Since 2007, the all-women AMPROCAL coffee cooperative in Ocotepeque, Honduras has worked hard to connect farmers with higher prices for their coffee on the international market. Starting with just eight members, they’ve grown to over 150 today. That means they’re able to improve livelihoods and grow inclusion for more farmers across the region.
For the last four years, Root Capital has been a proud partner in that growth, providing $750,000 in cumulative financing to the cooperative. Paired with training on accounting systems and leadership, we’re supporting AMPROCAL’s staff as they grow a healthy and sustainable business. Now, we’re using flexible funding and tailored advisory services so AMPROCAL can adapt to the dual threats of COVID-19 and climate change.
Photo from a Root Capital climate resilience training at AMPROCAL before the COVID-19 pandemic.
Climate change disproportionately impacts rural women. In the case of AMPROCAL’s farmers, living in a vulnerable ecosystem heightens their risk. The temperature in Ocotepeque has risen by 0.7 °C (1-2 °F) over the last 30 years. The impacts of this shift are already being felt by women farmers in the lowlands where higher temperatures and extreme weather events threaten to make coffee an unsustainable crop.
In January, AMPROCAL received a Gender Equity Grant (GEG) from Root Capital to support women's adaptation to these climate challenges. Our GEGs, first piloted in Kenya, are aimed at enhancing womens’ inclusion in agriculture and improving their outcomes. We guide our clients through a participatory GEG project design process, ensuring solutions that are truly community-led and tailored to the unique challenges of each community. And, because investments in gender inclusion are often difficult for cash-strapped agricultural businesses to make, the implementation of successful proposals is subsidized with grant funding from our philanthropic partners.
In the face of depressed coffee yields caused by climate change, the women leaders and farmers of AMPROCAL knew they needed to boost their incomes, especially for those in lowland communities. Their project proposed equipping farmers in the short term with organic fertilizer to improve plant health and yields while preserving the local ecosystem. In the long term, the project would contribute to income diversification for farmers by distributing banana seedlings so women members could sell fruit to the local market. To support these efforts, the cooperative planned to establish demonstration farms where members could see good agricultural practices in action. Working with our donor partners, Root Capital approved a $20,000 GEG and AMPROCAL began to carry out their plan.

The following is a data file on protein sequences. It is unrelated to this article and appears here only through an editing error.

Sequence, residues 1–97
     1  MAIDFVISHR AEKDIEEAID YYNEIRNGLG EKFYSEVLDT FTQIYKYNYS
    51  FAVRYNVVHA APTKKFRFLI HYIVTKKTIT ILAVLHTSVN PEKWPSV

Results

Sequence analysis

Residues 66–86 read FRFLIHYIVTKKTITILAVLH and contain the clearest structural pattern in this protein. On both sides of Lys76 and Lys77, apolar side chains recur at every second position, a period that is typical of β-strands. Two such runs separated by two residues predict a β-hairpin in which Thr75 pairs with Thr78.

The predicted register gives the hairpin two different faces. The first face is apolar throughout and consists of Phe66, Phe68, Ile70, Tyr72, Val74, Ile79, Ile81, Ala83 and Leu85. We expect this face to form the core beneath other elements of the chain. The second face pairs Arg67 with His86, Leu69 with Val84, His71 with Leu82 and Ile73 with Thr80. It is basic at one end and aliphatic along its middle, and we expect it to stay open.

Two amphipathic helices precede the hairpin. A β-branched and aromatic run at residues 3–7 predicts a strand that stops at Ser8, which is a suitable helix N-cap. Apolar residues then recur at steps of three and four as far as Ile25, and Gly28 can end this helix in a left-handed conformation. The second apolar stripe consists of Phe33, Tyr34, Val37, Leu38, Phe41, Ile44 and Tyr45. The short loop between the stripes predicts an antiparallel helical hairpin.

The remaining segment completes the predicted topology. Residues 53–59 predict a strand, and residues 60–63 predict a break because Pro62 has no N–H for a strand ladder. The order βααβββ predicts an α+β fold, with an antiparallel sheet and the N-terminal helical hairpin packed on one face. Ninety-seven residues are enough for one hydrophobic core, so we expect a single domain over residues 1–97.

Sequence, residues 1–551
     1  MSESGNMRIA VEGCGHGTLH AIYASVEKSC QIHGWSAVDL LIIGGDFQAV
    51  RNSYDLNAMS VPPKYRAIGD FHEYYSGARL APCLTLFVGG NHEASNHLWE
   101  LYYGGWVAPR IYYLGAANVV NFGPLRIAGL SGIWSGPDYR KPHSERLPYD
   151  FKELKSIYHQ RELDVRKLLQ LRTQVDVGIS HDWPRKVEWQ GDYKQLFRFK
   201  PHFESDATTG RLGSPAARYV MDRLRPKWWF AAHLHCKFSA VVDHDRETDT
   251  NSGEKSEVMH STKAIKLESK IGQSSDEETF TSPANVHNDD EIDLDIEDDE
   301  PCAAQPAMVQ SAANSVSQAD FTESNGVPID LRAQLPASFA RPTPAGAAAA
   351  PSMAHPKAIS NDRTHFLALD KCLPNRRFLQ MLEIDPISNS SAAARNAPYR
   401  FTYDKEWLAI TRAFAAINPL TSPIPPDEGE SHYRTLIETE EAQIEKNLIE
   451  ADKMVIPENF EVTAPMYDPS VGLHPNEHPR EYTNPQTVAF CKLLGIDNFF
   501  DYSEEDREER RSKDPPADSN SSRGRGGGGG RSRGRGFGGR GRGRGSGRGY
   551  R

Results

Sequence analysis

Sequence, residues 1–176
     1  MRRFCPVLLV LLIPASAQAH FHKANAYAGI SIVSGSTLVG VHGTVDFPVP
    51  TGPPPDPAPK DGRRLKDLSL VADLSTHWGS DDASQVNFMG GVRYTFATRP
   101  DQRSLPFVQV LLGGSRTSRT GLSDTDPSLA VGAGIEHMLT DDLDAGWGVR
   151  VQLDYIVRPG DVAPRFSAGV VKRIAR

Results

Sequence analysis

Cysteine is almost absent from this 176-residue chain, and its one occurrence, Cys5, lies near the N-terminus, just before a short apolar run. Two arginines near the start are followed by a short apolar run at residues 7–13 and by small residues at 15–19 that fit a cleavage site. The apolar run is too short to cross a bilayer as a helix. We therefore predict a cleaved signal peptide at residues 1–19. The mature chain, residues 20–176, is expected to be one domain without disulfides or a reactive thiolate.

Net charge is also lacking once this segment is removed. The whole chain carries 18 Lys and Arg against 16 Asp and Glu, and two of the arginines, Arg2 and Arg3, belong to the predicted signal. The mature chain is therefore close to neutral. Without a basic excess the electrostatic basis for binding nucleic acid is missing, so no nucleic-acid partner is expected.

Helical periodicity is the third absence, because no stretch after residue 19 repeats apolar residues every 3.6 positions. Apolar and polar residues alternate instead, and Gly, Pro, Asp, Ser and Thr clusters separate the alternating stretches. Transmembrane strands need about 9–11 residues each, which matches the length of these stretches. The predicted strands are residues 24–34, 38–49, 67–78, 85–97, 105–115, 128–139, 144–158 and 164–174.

Then, the COVID-19 pandemic hit Honduras.
In early March, as the world was reeling from the health and economic impacts of the virus, AMPROCAL sprang into action. Like many in their community, the women who lead the cooperative feared food shortages caused by pandemic-related travel and market restrictions. In the wake of their recent harvest, farmers were well-equipped to withstand the first month of the pandemic, but they worried what would happen if the pandemic stretched on.
Access to food has proved a challenge over the past half year as prices for some staple goods in Ocotopeque have doubled—a trend that holds true for farm inputs like fertilizer and seeds as well. Women of the cooperative are primarily responsible for feeding their families, even if it means risking their lives to journey into town. And this has an invisible toll. “Stress has increased due to fear of catching the virus if you go outside,” explains Yeny Yamilet Salazar Reyes, General Manager of AMPROCAL. “And if they stay in the house, they aren’t earning the income they need.” Yeny goes on: “This added stress affects women members mentally.”
The women of AMPROCAL understand that COVID-19 and climate change are intricately linked—they cannot adapt to the latter unless they survive the former. So they came to Root Capital with a request: convert a portion of their GEG into emergency COVID-19 relief to ensure farmers can build resilience in the face of both challenges.
With advisory support from our team, AMPROCAL used a portion of their grant to set up organic family food gardens. The cooperative was already experienced in delivering farm inputs and technical training to their members. Now, instead of banana seedlings for income diversification, the cooperative delivered seeds to grow nutritious vegetables and grains for their own consumption. In total, the cooperative was able to reach nearly half of its farmers with seeds, materials, and instructions for these gardens, safeguarding the food security of hundreds of family members.
AMPROCAL is now preparing for the upcoming harvest, this time readier and more resilient for the challenges ahead. But the challenges for women farmers continue. “In this new normal, women have had to undertake new work around the house to mitigate the virus, constantly disinfecting their homes,” Yeny explains. “Women have an overload of work because they are the providers of safety and education," roles that have become more labor-intensive—and critical—during the pandemic. In addition to our latest loan, Root Capital recently provided AMPROCAL with another $10,000 resilience grant with the support of the Walmart Foundation. Combined with the cooperative’s own contribution of $1,500, this grant is enabling AMPROCAL to deliver kits with sanitizer, soap, vitamins, masks, and food staples to all of its members.
The months ahead remain uncertain for the people of Ocotopeque, but by thinking on their feet, the women of AMPROCAL have ensured that hundreds in the community are resilient and healthy for the challenges to come.